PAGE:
Turkey's Constitutional Court has ruled that the lengthy jailing of a former head of the pro-PKK People's Democracy Party (HDP) violated his rights, a decision published in the Official Gazette on Friday showed, but he was not expected to be released due to a separate investigation.
Selahattin Demirtaş has been in jail since 2016 on terrorism-related charges. He faces a sentence of up to 142 years in jail if found guilty in the main case against him.
The court's decision said his detention had exceeded a reasonable period and his right to freedom had been violated. It also ordered compensation of TL 50,000 ($7,300) be paid.
However, media reports said the ruling would not lead to his release due to a separate investigation and arrest order.
Demirtaş was detained in November 2016 along with other top figures of the HDP on terror charges after they refused to attend trials related to earlier cases they were accused in. He and his party are often criticized for their open support of the terrorist group PKK, which is responsible for the killings of thousands since the early 1980s.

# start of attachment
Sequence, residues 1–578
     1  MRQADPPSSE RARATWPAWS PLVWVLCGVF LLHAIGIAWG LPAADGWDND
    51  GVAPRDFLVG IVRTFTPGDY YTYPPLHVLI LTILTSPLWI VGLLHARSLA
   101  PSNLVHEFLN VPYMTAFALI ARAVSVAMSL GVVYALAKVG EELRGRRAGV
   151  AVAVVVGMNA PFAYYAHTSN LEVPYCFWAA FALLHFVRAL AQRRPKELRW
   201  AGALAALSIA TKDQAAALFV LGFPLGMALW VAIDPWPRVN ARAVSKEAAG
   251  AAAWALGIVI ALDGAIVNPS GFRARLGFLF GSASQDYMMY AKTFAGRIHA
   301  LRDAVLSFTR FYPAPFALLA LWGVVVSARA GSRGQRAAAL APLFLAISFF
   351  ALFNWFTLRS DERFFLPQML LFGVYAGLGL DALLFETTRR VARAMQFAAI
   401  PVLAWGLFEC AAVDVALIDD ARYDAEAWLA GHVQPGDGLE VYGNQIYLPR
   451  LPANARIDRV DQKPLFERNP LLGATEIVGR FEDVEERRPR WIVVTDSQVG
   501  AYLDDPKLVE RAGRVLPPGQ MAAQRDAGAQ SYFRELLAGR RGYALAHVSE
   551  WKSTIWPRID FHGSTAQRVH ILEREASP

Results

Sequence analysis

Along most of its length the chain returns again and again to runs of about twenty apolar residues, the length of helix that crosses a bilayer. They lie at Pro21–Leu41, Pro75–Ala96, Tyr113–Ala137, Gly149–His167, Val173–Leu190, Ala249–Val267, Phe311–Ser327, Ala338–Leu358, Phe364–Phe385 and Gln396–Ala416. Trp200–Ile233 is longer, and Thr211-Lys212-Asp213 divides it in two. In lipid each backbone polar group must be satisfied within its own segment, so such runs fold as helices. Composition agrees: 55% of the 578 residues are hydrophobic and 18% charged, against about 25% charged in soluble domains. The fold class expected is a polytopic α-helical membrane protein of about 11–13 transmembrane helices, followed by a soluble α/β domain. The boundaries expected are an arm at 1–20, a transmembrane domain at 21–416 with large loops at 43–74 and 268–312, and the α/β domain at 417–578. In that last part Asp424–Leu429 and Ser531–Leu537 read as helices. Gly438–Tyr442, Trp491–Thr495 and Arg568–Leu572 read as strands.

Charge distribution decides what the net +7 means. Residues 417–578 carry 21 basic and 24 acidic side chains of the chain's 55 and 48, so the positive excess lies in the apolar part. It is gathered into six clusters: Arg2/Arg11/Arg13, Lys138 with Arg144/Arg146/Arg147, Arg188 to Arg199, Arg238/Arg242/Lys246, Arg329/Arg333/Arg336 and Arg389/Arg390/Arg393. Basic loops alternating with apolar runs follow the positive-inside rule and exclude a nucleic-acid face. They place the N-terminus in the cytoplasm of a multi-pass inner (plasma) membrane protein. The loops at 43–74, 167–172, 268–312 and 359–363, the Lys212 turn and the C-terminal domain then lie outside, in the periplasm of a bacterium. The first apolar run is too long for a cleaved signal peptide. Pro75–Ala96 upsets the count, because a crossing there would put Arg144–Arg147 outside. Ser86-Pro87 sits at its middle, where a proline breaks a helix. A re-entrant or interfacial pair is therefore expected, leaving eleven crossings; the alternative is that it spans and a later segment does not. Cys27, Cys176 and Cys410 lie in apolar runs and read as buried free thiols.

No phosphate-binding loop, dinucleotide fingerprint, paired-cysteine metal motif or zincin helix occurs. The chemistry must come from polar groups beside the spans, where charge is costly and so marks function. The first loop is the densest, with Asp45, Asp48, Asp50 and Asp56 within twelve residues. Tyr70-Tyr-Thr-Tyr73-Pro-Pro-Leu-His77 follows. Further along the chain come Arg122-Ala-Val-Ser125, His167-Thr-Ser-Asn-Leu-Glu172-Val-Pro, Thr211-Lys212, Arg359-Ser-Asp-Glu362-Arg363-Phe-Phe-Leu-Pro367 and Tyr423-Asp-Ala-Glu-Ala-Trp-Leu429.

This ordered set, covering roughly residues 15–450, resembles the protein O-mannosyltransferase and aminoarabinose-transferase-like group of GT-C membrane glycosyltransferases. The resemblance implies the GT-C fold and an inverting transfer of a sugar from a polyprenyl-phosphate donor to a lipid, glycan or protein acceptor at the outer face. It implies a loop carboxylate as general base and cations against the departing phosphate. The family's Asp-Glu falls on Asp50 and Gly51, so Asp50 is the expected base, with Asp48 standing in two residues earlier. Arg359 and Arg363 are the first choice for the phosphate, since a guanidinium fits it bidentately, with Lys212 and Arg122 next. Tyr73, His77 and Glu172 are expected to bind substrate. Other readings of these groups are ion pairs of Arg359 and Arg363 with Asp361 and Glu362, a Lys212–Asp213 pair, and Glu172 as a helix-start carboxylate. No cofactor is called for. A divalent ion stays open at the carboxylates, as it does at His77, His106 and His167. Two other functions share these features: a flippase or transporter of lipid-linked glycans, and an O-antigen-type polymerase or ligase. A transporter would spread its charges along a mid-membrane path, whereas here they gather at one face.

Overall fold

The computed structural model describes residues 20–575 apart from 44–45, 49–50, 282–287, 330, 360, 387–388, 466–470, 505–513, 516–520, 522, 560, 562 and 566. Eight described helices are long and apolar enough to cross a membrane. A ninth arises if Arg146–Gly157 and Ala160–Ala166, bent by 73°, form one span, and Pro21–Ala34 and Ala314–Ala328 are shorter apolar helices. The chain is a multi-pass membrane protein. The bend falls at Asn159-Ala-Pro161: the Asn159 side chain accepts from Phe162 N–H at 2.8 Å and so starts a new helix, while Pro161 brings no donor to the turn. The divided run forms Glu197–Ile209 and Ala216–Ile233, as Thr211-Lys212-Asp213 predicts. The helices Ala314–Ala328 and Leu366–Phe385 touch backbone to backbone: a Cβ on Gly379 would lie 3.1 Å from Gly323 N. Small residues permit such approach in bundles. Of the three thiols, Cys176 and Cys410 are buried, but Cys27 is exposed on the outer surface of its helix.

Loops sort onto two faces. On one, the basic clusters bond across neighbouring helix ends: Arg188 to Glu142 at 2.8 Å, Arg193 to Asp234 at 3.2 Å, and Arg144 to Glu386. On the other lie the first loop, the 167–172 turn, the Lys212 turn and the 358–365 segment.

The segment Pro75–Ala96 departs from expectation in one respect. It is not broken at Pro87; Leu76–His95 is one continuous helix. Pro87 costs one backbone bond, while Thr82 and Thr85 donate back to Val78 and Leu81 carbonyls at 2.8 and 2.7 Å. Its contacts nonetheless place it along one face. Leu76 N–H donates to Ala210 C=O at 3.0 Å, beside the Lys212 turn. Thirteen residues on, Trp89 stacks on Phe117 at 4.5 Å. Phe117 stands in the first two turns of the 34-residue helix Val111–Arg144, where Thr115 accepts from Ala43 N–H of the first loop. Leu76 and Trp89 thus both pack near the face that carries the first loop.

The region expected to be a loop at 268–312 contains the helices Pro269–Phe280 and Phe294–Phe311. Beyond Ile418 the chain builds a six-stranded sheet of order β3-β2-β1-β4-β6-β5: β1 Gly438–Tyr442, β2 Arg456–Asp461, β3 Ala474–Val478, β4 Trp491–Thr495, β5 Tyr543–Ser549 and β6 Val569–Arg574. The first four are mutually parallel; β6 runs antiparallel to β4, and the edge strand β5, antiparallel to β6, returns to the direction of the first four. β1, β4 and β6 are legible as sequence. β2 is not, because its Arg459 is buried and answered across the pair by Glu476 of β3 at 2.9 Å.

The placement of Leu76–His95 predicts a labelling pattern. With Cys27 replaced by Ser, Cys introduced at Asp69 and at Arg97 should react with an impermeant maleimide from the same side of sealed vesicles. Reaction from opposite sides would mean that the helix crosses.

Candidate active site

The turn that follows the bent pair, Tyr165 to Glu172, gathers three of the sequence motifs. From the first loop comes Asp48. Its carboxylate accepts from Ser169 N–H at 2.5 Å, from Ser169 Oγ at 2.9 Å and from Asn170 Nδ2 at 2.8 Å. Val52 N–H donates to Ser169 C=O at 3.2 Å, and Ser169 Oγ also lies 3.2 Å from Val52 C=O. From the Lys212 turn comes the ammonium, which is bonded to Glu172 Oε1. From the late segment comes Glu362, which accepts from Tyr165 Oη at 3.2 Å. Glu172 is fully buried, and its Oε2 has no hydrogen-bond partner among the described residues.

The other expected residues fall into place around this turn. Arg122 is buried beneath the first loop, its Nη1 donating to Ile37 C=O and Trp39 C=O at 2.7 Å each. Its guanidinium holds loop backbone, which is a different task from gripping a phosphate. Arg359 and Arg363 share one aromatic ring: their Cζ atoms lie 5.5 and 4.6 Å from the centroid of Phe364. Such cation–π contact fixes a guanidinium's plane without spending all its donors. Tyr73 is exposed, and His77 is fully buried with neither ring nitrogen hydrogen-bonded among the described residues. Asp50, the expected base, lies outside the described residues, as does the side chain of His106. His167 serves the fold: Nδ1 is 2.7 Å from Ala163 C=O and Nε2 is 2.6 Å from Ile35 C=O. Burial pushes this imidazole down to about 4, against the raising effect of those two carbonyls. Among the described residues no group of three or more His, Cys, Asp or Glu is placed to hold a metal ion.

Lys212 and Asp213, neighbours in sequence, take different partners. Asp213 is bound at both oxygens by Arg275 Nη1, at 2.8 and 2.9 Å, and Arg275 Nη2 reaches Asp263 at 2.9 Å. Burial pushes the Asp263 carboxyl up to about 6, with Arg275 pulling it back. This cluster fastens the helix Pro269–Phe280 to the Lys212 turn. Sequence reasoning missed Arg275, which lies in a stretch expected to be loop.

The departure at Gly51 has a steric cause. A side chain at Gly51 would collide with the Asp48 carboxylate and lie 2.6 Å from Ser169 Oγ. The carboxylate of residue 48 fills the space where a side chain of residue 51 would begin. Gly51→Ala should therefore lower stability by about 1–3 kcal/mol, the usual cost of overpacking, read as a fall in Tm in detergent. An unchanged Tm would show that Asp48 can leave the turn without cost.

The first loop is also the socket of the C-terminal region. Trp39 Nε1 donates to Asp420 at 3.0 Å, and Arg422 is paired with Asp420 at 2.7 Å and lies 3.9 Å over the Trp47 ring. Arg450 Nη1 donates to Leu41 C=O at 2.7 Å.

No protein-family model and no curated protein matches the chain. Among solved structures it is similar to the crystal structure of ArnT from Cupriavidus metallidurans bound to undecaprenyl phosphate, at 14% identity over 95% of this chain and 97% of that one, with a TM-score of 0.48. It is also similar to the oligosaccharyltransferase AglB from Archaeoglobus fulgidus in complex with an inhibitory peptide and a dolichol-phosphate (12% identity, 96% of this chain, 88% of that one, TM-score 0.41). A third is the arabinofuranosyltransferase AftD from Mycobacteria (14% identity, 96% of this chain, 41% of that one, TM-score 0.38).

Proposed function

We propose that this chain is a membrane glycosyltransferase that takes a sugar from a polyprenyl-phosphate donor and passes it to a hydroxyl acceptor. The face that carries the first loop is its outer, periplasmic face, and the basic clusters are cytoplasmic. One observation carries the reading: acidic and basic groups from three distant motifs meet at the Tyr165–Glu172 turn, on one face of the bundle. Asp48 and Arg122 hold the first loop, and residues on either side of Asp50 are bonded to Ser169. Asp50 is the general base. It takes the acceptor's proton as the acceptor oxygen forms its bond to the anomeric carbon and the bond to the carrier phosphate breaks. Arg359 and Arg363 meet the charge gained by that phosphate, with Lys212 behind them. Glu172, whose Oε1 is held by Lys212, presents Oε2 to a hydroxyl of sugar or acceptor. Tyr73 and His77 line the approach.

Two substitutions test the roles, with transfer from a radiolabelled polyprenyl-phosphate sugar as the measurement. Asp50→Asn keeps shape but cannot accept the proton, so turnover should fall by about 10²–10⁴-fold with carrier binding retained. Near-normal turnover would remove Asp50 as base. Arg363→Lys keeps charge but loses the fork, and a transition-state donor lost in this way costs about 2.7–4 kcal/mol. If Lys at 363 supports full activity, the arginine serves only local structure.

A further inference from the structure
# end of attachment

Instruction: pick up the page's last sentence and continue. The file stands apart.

He was sentenced to four years and eight months in jail for carrying out terrorist propaganda in a speech in 2013. In 2016, he was also sentenced for insulting "the Republic of Turkey, the Turkish nation, the Turkish state and state institutions."
The most serious charges he is facing are related to the notorious Kobani riots on Oct. 6-7, 2014, and the role of HDP-linked officials and municipalities in the PKK terrorist group's unilateral move to end the reconciliation period and launch an unprecedented barricade and trench attacks in cities and towns in Turkey's southeast.
A court ruled last September that Demirtaş should be released while his main trial continues. The Constitutional Court ruling concerns the detention for this period.
Prosecutors then launched a new investigation and requested his arrest again after the lifting of the previous detention order. Demirtaş denies the charges against him.